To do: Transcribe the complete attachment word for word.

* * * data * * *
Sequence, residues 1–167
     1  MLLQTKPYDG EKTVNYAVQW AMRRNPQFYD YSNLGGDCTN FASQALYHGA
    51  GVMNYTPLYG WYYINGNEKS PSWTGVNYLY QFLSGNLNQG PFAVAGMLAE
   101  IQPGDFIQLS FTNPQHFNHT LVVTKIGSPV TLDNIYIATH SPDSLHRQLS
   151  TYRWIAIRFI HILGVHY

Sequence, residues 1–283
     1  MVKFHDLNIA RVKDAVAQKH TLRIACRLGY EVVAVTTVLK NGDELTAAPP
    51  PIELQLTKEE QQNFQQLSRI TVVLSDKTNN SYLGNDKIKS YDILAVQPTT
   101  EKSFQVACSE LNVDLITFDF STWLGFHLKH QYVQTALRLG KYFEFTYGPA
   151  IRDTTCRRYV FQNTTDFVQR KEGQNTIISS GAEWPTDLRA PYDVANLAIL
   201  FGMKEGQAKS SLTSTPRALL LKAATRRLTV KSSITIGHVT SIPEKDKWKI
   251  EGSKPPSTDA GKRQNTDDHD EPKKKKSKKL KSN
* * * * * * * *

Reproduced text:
Sequence, residues 1–167
     1  MLLQTKPYDG EKTVNYAVQW AMRRNPQFYD YSNLGGDCTN FASQALYHGA
    51  GVMNYTPLYG WYYINGNEKS PSWTGVNYLY QFLSGNLNQG PFAVAGMLAE
   101  IQPGDFIQLS FTNPQHFNHT LVVTKIGSPV TLDNIYIATH SPDSLHRQLS
   151  TYRWIAIRFI HILGVHY

Sequence, residues 1–283
     1  MVKFHDLNIA RVKDAVAQKH TLRIACRLGY EVVAVTTVLK NGDELTAAPP
    51  PIELQLTKEE QQNFQQLSRI TVVLSDKTNN SYLGNDKIKS YDILAVQPTT
   101  EKSFQVACSE LNVDLITFDF STWLGFHLKH QYVQTALRLG KYFEFTYGPA
   151  IRDTTCRRYV FQNTTDFVQR KEGQNTIISS GAEWPTDLRA PYDVANLAIL
   201  FGMKEGQAKS SLTSTPRALL LKAATRRLTV KSSITIGHVT SIPEKDKWKI
   251  EGSKPPSTDA GKRQNTDDHD EPKKKKSKKL KSN